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Inventor Spotlight: Discussing the Promise and Future of RNA Medicines with Dr. Howard Chang

Never in human medical history has a technology been developed, validated, tested, and approved as quickly and efficiently as the COVID-19 mRNA vaccine. But this vaccine is just the tip of the iceberg for the therapeutic possibilities of RNA according to physician-scientist Dr. Howard Chang, a practicing dermatologist, Professor of Dermatology and Genetics, and Virginia and D.K. Ludwig Professor of Cancer Research at Stanford University. With his background in genomic medicine, Chang steadfastly believes in the promise of RNA medicines to tackle a wide and expanding variety of human diseases. But what we know about RNA is actually very little, he says. Especially considering that 98% of the human genome has long been termed “non-coding” and remains elusive, while only 2% is “coding” RNA and is translated into proteins. Some of his lab’s pivotal work endeavors to find out what non-coding RNA does and can tell us, as well as how it can be harnessed for therapeutic applications.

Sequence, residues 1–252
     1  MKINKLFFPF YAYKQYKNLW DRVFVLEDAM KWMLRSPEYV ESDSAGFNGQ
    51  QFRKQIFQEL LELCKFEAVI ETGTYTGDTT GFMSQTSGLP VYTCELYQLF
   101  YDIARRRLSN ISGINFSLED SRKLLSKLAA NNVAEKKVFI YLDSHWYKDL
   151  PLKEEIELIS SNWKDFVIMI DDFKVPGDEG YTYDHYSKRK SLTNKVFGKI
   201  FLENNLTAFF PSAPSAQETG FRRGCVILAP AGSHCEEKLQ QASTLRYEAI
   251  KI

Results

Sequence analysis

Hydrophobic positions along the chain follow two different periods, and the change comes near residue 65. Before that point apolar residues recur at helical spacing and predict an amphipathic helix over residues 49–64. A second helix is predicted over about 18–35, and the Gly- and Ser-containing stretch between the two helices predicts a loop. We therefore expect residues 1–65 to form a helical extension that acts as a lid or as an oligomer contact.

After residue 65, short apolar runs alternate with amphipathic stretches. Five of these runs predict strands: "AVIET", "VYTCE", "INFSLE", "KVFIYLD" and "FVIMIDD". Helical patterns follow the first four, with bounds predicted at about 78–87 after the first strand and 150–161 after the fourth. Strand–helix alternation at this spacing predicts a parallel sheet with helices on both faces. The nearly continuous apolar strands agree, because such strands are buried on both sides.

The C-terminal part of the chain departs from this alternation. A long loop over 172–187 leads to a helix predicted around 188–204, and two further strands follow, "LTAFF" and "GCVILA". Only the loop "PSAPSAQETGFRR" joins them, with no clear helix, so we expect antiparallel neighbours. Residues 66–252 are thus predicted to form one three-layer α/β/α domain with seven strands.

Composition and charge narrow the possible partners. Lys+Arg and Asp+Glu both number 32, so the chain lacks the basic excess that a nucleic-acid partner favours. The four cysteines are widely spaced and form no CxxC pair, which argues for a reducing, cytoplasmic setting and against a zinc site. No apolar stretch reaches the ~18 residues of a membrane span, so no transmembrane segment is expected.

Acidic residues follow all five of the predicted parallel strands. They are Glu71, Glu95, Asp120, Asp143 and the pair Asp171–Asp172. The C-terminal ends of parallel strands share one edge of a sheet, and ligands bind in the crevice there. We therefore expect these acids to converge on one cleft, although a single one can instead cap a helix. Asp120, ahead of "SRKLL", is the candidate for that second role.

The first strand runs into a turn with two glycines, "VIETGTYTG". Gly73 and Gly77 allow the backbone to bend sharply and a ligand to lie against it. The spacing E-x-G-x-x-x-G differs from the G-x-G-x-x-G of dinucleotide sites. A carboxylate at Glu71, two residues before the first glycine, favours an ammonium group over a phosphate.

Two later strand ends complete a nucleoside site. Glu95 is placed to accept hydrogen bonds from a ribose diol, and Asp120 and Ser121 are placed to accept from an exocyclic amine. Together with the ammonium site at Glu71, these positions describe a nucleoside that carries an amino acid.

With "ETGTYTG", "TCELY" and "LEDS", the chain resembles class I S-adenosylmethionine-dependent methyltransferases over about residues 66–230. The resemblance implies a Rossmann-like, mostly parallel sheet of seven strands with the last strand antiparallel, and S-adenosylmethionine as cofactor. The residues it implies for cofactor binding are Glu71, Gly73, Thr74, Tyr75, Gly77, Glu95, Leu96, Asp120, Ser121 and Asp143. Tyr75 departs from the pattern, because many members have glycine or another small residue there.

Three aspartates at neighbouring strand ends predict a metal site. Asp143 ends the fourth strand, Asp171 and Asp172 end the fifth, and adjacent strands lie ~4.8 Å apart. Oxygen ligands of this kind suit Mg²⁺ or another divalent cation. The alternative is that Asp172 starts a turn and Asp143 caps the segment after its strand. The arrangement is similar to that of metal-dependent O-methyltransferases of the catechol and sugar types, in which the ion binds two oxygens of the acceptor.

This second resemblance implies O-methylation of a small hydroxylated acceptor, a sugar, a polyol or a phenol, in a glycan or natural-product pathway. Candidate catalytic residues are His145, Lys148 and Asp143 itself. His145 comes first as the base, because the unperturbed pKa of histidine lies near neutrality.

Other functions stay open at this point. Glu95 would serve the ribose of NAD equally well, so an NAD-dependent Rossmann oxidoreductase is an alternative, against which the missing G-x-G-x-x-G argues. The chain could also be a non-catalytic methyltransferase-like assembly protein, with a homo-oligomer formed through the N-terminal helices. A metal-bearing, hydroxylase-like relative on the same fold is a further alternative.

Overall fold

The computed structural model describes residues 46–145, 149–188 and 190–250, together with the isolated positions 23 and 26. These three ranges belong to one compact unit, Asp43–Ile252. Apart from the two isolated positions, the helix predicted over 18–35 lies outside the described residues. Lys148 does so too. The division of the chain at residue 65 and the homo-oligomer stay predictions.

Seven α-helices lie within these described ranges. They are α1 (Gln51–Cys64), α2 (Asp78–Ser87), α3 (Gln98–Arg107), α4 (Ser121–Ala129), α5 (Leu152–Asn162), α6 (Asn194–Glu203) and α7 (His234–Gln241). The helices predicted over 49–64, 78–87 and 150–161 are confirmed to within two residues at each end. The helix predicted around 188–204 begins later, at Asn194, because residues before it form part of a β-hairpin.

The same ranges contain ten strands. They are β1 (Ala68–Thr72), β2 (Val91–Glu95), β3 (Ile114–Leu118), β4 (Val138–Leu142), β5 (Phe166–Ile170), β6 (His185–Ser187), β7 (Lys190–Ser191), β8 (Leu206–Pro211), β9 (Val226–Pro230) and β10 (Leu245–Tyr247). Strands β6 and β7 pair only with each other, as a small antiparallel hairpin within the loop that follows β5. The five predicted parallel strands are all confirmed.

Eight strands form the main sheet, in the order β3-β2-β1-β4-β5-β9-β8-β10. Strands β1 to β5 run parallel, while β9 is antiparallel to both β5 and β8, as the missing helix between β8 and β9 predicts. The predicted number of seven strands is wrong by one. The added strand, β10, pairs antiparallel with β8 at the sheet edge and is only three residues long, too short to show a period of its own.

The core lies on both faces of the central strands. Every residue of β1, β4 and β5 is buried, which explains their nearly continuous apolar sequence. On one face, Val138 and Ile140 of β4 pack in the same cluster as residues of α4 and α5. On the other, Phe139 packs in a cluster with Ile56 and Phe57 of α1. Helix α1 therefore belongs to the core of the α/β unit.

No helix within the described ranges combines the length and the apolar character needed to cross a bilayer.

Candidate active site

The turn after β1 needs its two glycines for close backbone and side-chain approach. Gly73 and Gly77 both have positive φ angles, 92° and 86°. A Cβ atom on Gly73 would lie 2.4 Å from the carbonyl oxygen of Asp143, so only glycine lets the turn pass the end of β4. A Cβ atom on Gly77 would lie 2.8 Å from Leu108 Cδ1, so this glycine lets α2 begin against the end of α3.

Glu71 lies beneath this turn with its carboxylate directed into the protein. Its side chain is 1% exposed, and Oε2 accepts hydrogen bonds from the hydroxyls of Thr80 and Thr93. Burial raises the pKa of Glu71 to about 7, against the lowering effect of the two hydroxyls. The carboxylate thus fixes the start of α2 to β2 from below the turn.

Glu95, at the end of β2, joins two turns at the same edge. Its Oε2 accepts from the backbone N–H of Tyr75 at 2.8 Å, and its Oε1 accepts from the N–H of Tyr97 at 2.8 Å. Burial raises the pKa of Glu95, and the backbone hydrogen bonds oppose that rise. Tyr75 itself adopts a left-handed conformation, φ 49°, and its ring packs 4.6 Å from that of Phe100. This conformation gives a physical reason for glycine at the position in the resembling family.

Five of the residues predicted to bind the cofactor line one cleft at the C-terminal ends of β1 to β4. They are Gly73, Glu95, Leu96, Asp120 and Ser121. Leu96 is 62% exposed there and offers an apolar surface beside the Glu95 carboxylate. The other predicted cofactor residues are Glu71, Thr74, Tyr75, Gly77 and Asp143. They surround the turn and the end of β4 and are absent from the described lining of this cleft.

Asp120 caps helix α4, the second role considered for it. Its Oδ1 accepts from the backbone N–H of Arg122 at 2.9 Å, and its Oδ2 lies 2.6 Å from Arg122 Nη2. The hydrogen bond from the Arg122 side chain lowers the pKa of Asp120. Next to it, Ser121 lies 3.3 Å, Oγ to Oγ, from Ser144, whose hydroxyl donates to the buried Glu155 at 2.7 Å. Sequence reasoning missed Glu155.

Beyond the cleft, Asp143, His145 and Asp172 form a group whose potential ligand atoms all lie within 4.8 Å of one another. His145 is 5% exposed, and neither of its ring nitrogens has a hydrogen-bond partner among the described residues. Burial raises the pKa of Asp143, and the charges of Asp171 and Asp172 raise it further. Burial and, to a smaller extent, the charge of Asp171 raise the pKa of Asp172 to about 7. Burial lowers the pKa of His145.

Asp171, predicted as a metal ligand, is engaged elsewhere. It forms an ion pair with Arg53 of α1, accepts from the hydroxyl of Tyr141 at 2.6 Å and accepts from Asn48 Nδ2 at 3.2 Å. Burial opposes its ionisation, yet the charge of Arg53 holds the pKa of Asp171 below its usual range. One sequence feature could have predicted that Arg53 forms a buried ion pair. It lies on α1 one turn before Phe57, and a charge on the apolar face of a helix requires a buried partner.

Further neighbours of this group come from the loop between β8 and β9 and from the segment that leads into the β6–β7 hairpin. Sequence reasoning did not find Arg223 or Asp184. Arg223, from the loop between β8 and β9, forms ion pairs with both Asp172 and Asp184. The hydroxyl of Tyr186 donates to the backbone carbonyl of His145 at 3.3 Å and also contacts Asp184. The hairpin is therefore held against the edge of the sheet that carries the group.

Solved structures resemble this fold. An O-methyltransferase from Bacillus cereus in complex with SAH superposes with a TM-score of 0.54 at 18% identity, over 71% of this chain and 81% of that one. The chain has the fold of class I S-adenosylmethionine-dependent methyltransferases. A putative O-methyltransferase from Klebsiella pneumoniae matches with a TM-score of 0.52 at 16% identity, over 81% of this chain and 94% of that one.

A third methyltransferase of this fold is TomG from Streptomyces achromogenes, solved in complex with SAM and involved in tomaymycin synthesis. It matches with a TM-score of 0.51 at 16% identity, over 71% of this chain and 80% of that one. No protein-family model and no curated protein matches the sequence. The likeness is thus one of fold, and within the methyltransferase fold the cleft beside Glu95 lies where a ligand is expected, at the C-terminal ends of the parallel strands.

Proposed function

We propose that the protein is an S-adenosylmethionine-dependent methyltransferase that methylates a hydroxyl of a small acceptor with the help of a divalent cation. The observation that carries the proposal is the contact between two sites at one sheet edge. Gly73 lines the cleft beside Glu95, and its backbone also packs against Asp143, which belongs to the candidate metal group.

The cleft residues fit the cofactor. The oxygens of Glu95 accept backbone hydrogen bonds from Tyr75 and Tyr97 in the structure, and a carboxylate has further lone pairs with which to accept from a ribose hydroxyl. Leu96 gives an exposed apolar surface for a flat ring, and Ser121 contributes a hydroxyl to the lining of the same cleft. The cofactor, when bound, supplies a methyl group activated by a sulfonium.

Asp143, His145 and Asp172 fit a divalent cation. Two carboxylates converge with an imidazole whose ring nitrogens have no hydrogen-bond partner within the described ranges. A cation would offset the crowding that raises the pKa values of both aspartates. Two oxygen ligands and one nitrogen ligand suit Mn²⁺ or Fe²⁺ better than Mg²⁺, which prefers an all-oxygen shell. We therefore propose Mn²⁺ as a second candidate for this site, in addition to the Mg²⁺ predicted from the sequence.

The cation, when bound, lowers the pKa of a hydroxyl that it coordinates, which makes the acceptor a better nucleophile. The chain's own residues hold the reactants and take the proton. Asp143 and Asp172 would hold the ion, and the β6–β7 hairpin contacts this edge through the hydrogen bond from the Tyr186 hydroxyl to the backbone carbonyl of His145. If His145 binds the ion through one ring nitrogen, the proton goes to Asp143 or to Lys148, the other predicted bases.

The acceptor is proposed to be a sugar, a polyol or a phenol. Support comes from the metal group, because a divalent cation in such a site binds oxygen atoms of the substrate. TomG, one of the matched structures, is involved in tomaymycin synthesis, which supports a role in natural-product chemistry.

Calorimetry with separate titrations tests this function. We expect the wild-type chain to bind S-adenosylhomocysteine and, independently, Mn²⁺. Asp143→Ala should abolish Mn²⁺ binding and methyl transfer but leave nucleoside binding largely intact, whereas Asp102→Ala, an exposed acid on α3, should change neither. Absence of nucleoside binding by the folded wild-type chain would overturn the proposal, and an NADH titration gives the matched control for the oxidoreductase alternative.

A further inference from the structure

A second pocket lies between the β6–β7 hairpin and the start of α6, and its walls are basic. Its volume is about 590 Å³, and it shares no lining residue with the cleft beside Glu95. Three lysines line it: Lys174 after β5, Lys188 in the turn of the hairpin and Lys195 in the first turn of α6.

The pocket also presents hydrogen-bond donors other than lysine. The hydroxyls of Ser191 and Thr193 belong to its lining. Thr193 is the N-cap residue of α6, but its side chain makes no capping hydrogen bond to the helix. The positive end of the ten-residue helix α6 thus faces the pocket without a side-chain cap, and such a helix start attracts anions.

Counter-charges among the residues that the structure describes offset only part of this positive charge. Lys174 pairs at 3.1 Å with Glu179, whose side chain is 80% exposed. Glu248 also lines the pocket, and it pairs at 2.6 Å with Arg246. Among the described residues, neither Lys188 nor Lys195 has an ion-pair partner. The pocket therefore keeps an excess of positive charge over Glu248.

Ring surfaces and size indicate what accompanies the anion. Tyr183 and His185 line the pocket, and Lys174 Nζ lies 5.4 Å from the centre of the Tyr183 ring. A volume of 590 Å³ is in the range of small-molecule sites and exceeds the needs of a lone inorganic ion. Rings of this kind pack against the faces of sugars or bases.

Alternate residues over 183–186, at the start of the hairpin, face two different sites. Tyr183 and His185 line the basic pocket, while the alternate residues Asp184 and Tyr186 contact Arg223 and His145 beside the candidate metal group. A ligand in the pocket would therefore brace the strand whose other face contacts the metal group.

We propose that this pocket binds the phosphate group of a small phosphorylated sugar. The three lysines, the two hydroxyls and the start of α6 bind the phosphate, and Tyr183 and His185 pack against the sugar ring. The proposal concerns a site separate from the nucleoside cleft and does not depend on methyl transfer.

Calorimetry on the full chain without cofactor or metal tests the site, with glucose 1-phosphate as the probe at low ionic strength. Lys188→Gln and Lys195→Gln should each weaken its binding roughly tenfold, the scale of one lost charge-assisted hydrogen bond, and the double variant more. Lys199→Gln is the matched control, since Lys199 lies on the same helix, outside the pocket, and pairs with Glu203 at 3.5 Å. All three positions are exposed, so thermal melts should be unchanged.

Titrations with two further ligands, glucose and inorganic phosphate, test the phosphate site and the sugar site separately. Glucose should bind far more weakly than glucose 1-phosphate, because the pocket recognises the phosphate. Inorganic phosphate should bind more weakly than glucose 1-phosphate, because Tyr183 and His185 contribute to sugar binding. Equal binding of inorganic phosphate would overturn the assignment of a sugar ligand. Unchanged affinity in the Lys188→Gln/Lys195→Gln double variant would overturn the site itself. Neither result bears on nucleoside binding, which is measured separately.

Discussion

Over the last several years, and particularly during the COVID-19 pandemic, Dr. Chang has seen the RNA field grow exponentially, including at Stanford. “We have outstanding basic science here, Stanford has two Nobel prizes for basic RNA science”, shares Chang. This includes Dr. Andrew Fire, who won the 2006 Nobel prize in Medicine with Craig Mello of the University of Massachusetts Medical School for their discovery of RNA interference (gene silencing) and Dr. Roger Kornberg, who won the 2006 Nobel prize in Chemistry for his work in understanding RNA transcription. [Katalin Kariko and Drew Weissman just won the 2023 Nobel Prize in Medicine for discoveries enabling the mRNA Covid vaccine].

At Stanford “we have experts in biology, chemistry, materials, engineering”, continues Chang. With this in mind, he recently created the RNA Medicine Program at Stanford. The mission of the program “is to accelerate the discovery and translation of RNA science into human therapeutics”, capitalizing on the great clinical enterprise within Stanford Medicine. The program provides funding, shared resources, programmatic support, community building to facilitate interdisciplinary collaborations, training for RNA scientists and entrepreneurs, and new alliance opportunities between academia and industry. Their Inaugural Symposium this past May included keynote speakers and various sessions on RNA topics. It also featured an Entrepreneurs Panel Discussion and was able to attract entrepreneurs from the east coast and west coast alike, demonstrating the high level of interest in the program and its resources. Chang says they have had some industry engagement but would love to attract more.